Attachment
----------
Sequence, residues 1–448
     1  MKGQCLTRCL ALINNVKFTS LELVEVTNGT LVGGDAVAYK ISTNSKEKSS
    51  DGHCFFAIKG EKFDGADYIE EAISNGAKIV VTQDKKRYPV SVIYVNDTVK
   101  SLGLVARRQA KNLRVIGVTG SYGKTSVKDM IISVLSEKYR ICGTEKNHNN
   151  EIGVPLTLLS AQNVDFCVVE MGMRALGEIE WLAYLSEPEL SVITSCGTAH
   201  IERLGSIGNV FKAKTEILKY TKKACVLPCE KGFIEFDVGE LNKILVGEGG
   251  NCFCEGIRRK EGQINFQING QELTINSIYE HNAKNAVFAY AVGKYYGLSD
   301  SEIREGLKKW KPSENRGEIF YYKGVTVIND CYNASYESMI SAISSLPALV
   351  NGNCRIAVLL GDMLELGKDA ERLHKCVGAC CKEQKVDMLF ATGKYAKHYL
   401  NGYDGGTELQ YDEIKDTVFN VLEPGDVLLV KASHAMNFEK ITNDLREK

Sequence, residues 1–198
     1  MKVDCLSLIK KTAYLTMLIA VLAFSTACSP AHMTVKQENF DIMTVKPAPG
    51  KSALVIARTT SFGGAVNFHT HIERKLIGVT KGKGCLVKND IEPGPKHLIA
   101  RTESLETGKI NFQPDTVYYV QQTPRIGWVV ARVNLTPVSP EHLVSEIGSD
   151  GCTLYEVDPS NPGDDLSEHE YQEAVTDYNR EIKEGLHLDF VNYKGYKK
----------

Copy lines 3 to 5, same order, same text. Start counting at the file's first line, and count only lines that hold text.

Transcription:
    51  DGHCFFAIKG EKFDGADYIE EAISNGAKIV VTQDKKRYPV SVIYVNDTVK
   101  SLGLVARRQA KNLRVIGVTG SYGKTSVKDM IISVLSEKYR ICGTEKNHNN
   151  EIGVPLTLLS AQNVDFCVVE MGMRALGEIE WLAYLSEPEL SVITSCGTAH